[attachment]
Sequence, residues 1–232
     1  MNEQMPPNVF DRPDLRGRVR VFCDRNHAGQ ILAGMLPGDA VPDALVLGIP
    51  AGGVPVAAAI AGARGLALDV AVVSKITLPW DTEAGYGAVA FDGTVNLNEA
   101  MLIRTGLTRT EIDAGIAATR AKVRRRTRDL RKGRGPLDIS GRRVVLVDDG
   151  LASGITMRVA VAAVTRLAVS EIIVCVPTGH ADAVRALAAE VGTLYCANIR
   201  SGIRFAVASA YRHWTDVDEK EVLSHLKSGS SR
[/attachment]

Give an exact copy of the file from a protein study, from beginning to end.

Sequence, residues 1–232
     1  MNEQMPPNVF DRPDLRGRVR VFCDRNHAGQ ILAGMLPGDA VPDALVLGIP
    51  AGGVPVAAAI AGARGLALDV AVVSKITLPW DTEAGYGAVA FDGTVNLNEA
   101  MLIRTGLTRT EIDAGIAATR AKVRRRTRDL RKGRGPLDIS GRRVVLVDDG
   151  LASGITMRVA VAAVTRLAVS EIIVCVPTGH ADAVRALAAE VGTLYCANIR
   201  SGIRFAVASA YRHWTDVDEK EVLSHLKSGS SR